The numbers make one thing staggeringly clear: People love their dogs. Americans own around 77 million dogs, according to the American Veterinary Medical Association, and 48% of U.S. households have one dog or more. The American Pet Products Association says that pet owners spent a combined $72 billion on their beloved animals in 2018. And dog ownership tops that of other pets, including cats, which number about 58 million.
Unsurprisingly, the publishing industry has taken note, turning out a steady flow of books aimed at besotted dog owners.
Two of the best recent dog books aren’t content merely to join the general tail-
wagging but rather seek to dig deeper into the subject of humanity’s oldest animal friendship. Alexandra Horowitz, a cognitive scientist and author of the 2009 bestseller “Inside of a Dog,” follows up that earlier book with “Our Dogs, Ourselves: The Story of a Singular Bond.” And that bond is likewise the focus of dog behavioral scientist (and director of the Canine Science Collaboratory at Arizona State University in Tempe) Clive D.L. Wynne in his new book, “Dog Is Love: The Science of Why and How Your Dog Loves You.”
Fans of Horowitz’s earlier book will recognize the incredibly effective way she writes about dogs, adroitly mixing her own personal experiences, whether happy or heartbreaking, with broader questions about the bond at the heart of her book. “[T]he ultimate question about dogs for me was, and still is, What is it like to be a dog?” she writes. “For many others, though, the key question was more like: What do we know about what my dog thinks about me?”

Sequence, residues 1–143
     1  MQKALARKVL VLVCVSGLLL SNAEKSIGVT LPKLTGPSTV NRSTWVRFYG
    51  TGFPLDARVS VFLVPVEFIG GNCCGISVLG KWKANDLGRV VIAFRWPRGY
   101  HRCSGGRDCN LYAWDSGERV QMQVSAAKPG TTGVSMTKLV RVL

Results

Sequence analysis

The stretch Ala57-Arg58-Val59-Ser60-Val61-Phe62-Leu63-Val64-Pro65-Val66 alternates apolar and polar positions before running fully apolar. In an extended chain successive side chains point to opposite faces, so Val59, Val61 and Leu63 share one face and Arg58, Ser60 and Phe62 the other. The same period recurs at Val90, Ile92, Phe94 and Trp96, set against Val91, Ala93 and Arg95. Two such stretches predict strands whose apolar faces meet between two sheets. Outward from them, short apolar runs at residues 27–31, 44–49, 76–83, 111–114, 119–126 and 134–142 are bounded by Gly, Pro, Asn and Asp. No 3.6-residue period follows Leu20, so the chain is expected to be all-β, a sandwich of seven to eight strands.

Horowitz’s answers delve into the nature of the categories into which humans tend to fit their dogs, however deficient those categories might be. “If dogs are anything but reflections of ourselves – and of course they are – our way of thinking about them is woefully inadequate,” she writes. “As dogs were walked into comparative-psychology research because we were taken by how they remind us of ourselves, their place in the public consciousness has wound up being as small, furry humanlike animals.” Horowitz advocates easing up on the anthropomorphism: “Allow dogs to be the beautiful, impressive, unknown foreigners they are.” Her empathetic examination unfolds with the same natural narrative grace that made “Inside of a Dog” such wonderful reading.
Wynne’s book “Dog Is Love” is animated by the same questions, with the central idea of dogness being put through a battery of scientific testing.
Wynne draws on a wide range of research, both his own and that of many others past and present, angling always to understand the “singular bond” mentioned in Horowitz’s title. The deeper dogs are examined on a cellular and evolutionary basis, the more remarkable they turn out to be: animals whose long partnership with humans has made them virtual symbionts. “[D]ogs have a genetic predisposition, bred into them over the thousands of years they have lived among people, to understand people’s communicative intentions and comprehend something of human social intelligence,” he writes. “Only dogs are born understanding people in this way – the crucial difference between them and every other nonhuman animal on the planet.”
In both books, the inquiry comes down eventually to simple affection as the key, although Horowitz sees more to it as well. “The joy of dogs is that they free us of our own undignified existence,” she writes, “our self-consciousness and inhibitions; our self-imposed hindrances to pleasure; our unwillingness to be embarrassed, exposed, or vulnerable.”
And whether you think that’s nature or nurture, if you have a dog sleeping next to you in your favorite reading spot, you’ll be nodding and smiling through both these books. I read them with a certain bossy miniature schnauzer reading along with me. She approved of both.